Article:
Taking an unfamiliar walk
Published: October 16, 2013
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ST. CROIX - Esther Sweeney walked slowly and carefully as she guided her long white cane in front of her. She walked along the narrow street in Frederiksted dragging her cane on the asphalt, hoping not to step in any potholes or run into parked vehicles.
With the aid of her friend Sonia Kelly Williams, ADA compliance coordinator at the V.I. Legislature, Sweeney made it around the block safely and as she returned to Buddhoe Park, she removed her bright green blindfold with a sigh of relief.
Sweeney, district manager of the Office of Adult Protective Services in the V.I. Human Services Department, only wore the blindfold for a short while as she tried to put herself in the shoes of the many disabled people she helps on a daily basis.
She said the short walk around the Custom house and UCA block was much more difficult than she imagined it could be and was scary at times.
"The road is bumpy and uneven, if you cannot see, it makes you really nervous that you may fall," she said. "It's not easy. It's not easy at all."
The trek around the block was one that Sweeney did not make alone. She joined dozens of disabled residents for the 8th Annual Lion's Club White Cane Day observation.
Since 1931, White Cane Day has been a national observance celebrated on Oct. 15. The date is set aside to celebrate the achievements of people who are blind or visually impaired and the important symbol of independence for the blind - the white cane.
The Lions' Club observation included dozens of members of the Center for Independent Living, which provides specialty training for the disabled in various areas that they can use at home or in the workplace.
The sentiments of the day echoed similarly for most of the participants who said that there needs to be a greater awareness of the local White Cane Legislation that was introduced by Sen. Sammuel Sanes in 2011. Many of the disabled say they have been ignored by most of the community and do not get reliable basic services.
Many complained about lack of sidewalks, accessible entrances to some buildings, telephones that do not function when the power is out and even late pick-ups and drop-offs by the VITRAN buses.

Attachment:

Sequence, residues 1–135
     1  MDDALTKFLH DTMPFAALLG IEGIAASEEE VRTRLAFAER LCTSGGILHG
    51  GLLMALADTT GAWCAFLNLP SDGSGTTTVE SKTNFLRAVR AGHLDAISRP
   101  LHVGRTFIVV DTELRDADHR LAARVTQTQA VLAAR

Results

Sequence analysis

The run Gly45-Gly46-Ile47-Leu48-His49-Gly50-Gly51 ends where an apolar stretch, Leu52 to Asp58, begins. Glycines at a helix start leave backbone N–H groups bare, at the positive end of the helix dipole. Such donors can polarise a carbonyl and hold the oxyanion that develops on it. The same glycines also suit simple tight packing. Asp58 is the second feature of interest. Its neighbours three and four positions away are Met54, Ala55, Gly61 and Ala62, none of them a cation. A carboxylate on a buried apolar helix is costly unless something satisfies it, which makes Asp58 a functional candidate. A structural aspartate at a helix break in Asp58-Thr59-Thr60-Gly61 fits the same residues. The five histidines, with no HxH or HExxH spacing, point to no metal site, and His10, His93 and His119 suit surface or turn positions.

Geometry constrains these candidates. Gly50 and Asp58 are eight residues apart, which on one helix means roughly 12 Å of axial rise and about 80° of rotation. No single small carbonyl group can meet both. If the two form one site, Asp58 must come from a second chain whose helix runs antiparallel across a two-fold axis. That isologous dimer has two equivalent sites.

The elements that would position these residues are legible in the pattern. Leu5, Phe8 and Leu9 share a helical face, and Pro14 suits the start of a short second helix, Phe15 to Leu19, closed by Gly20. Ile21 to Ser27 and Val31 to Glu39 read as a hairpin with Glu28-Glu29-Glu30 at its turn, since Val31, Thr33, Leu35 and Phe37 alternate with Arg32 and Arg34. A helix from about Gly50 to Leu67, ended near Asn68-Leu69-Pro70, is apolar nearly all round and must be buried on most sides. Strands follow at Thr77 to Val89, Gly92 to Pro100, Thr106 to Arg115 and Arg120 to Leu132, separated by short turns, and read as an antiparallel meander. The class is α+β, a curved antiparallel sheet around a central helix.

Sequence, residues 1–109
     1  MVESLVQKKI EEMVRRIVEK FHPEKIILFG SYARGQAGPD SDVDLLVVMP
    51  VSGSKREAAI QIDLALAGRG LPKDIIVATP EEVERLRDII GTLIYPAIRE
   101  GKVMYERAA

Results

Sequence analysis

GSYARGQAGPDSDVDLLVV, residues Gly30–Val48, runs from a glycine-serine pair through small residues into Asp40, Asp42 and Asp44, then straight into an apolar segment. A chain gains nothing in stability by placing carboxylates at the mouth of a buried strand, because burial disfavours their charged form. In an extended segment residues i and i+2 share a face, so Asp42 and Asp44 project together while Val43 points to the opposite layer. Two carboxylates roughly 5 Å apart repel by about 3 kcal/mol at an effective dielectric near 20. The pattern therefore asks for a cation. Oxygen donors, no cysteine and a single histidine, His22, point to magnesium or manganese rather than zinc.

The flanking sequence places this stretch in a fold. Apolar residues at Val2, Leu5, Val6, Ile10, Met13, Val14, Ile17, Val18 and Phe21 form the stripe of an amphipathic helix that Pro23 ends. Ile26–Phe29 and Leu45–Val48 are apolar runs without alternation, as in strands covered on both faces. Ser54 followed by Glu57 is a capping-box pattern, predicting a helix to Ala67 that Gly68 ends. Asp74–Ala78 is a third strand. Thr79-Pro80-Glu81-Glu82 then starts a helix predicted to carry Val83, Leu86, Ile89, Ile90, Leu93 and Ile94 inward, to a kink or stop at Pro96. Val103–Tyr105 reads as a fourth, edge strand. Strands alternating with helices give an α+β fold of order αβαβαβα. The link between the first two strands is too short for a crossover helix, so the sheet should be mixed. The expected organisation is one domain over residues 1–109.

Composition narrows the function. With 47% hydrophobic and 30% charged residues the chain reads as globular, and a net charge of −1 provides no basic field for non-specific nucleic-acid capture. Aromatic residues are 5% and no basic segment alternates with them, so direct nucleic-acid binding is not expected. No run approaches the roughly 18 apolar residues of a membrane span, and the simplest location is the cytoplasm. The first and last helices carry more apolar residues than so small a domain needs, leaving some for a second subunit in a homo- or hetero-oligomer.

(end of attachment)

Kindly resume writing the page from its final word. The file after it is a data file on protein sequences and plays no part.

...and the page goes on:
Glenn Webster, on behalf of fellow disabled residents, thanked the club and the center for championing the cause to bring awareness to their plight.
"The local ADA community salutes you both for continuing to work with us throughout the years and to push to make our community more accessible to citizens with disabilities," he said.
Webster put a special plea out to motorists, saying they need to exercise more compassion and patience when they see someone with a white cane, or in a wheelchair or with any other disability on the road.
He said especially for the visually impaired who use the white canes, there are a few rules specific to them including not honking the car horn, not stopping in the middle of a crosswalk, not waving to the blind pedestrian to cross the street.
"You know most of these are common sense issues, they take just a little patience to look out for our people," he said.
The ceremony was supposed to be followed by a voter registration drive primarily for the disabled, but Webster, who is also a member of the St. Croix Board of Elections, said it had to be canceled because he was the only board member present.
He said there had to be at least two board members present for the registrations to take place, and at that time it was only him and a member of the staff available. He said the drive may be rescheduled.
- Contact reporter Fiona Stokes at 714-9149 or email email@example.com.